AT MAINE DISTILLERIES in Freeport, Chris Dowe makes his Cold River gin from Maine potatoes. More widely available than the Bodine’s boutique gin, Cold River, first released in 2010, appears on cocktail menus in Portland and well beyond, touted for its citrus/spice balance and the fact that it is gluten-free.  At Outliers in the West End, they mix a version of the venerable French 75 with Cold River, simple syrup and fresh lemon juice topped with prosecco.

INGENIUM GIN, introduced by Portland’s New England Distilling in April 2012 is, like Alchemy, distilled from Maine-grown barley. Owner Ned Wight says that the flavor is more like gin’s Dutch cousin, genever, with a botanical mix that incorporates Asian exotics — lemongrass, cubeb berries (an Indonesian spice in the pepper family) and rose petals in addition to the traditional juniper and citrus peel. “It’s a unique style, and it allows us to showcase the grain more than the London-style,” he said.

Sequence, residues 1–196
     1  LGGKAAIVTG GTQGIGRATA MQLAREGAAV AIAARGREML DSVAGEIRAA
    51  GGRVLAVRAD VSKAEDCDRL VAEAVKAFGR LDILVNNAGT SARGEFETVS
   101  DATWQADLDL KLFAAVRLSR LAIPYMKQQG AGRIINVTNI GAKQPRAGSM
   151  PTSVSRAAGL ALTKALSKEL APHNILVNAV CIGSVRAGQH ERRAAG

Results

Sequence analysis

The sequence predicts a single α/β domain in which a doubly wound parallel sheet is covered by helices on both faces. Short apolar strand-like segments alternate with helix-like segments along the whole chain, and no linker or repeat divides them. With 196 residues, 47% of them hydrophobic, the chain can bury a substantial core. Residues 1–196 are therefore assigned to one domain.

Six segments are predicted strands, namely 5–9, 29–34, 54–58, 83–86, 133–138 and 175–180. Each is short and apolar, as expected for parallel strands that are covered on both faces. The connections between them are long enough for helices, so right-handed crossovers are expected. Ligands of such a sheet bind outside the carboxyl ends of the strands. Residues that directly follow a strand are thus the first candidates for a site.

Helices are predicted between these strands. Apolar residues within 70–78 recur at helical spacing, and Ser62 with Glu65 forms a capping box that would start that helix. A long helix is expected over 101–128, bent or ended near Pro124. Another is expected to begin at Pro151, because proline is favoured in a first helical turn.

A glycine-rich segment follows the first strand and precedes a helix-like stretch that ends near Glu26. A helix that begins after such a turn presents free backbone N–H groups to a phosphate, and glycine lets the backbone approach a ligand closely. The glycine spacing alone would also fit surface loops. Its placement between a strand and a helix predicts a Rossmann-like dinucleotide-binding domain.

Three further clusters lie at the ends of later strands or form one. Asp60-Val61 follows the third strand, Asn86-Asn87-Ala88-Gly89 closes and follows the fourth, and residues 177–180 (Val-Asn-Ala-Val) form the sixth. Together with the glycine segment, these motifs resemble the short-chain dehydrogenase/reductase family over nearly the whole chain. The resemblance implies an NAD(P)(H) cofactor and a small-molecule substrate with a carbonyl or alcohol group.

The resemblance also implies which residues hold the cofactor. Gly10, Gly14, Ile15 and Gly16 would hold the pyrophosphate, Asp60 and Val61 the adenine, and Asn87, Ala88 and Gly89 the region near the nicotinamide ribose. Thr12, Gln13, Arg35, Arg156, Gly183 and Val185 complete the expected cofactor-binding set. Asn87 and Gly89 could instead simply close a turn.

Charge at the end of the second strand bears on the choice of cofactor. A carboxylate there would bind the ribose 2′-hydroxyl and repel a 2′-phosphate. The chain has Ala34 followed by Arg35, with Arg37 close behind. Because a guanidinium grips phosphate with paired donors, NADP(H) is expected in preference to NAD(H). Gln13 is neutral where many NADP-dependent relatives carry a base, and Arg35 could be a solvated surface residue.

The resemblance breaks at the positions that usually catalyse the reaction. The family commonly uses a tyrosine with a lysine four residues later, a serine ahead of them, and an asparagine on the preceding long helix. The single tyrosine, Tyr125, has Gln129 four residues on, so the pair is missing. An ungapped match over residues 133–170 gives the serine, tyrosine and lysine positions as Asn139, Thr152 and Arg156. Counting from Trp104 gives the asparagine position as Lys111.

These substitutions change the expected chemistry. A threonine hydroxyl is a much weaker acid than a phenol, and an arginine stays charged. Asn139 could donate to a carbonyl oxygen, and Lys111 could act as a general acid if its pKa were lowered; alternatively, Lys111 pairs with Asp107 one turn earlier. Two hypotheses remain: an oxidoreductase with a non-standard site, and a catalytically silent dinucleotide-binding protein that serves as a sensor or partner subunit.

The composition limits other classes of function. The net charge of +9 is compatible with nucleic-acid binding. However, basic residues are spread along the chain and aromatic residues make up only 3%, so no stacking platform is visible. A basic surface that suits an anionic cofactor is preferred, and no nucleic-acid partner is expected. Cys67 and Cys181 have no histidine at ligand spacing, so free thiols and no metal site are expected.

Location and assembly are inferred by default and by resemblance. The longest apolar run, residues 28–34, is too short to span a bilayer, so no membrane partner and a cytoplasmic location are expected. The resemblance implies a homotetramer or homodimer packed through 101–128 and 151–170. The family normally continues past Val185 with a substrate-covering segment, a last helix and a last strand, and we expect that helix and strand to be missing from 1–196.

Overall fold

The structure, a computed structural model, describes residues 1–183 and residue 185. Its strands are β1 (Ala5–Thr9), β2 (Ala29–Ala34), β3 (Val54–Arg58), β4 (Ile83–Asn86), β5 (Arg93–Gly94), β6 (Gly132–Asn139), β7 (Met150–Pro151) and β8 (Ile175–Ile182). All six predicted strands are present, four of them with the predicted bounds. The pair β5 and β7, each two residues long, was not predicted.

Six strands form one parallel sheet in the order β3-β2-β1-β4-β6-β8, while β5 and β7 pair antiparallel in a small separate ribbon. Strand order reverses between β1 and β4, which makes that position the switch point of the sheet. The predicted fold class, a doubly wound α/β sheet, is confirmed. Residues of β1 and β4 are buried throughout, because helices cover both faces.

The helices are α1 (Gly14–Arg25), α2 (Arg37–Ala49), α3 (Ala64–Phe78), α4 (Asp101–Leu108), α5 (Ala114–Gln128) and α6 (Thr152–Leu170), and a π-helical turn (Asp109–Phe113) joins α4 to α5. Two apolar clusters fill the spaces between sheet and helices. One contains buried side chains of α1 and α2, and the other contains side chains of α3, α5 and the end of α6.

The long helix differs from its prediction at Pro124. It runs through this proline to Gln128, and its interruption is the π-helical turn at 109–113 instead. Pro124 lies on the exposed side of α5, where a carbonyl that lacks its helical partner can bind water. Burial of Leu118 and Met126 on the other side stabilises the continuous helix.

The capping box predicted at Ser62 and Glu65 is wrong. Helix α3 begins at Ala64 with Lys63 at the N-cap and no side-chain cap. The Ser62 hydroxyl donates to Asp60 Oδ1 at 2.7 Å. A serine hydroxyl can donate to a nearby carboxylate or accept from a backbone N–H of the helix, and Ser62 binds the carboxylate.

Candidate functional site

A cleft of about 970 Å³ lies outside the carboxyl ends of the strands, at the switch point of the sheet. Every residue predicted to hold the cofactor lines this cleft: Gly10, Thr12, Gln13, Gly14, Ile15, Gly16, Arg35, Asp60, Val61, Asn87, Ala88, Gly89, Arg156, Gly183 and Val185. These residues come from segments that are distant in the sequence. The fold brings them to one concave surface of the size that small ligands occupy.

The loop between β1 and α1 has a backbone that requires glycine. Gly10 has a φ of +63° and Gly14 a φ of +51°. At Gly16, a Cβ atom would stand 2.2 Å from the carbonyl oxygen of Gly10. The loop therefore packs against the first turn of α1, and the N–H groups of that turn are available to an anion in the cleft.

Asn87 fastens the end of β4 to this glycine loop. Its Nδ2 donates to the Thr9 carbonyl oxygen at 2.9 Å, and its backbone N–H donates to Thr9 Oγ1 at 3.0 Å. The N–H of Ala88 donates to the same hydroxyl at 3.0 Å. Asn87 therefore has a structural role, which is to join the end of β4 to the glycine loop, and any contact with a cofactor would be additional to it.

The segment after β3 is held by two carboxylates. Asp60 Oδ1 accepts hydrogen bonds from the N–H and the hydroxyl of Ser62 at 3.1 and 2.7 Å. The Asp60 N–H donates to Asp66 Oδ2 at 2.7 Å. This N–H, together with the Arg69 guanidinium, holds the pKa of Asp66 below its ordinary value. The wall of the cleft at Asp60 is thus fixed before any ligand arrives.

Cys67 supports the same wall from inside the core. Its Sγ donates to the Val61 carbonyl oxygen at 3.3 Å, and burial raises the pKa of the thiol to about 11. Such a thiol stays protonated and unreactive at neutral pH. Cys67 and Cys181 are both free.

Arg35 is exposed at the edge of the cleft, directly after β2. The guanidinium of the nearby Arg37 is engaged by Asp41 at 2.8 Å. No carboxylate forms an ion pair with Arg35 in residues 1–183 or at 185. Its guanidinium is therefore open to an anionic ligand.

Wight and his fellow Maine distillers acknowledge that sipped alone, their gins with their distinctive flavors may not be for everyone. That’s where the bartender’s expertise comes in.

“A lot of the American gins are very mixable,” said Volk. “What’s fun about mixing with gin is that the botanicals play very well with citrus. It’s a very versatile product. I like telling people it’s really the original flavored vodka. You come across people who say, ‘I don’t like gin’ but they are reassessing it because it’s now a local product and it’s a craft product. You can generally mix them something they will enjoy.”

While any of these new gins are refreshing in a classic gin and tonic, especially mixed with an artisanal tonic like Q or Fever Tree brand, Volk has a particular gin-cocktail favorite.

“One that I was turned onto early on that opened my mind to what cocktails could be is called the White Lady. It dates back to just before Prohibition and includes gin, lemon juice, Cointreau and egg white. It’s one of those classic, old, dry citrus cocktails.”

Except that it’s new again, just like gin.

Content producer Susan Axelrod can be reached at: [email protected]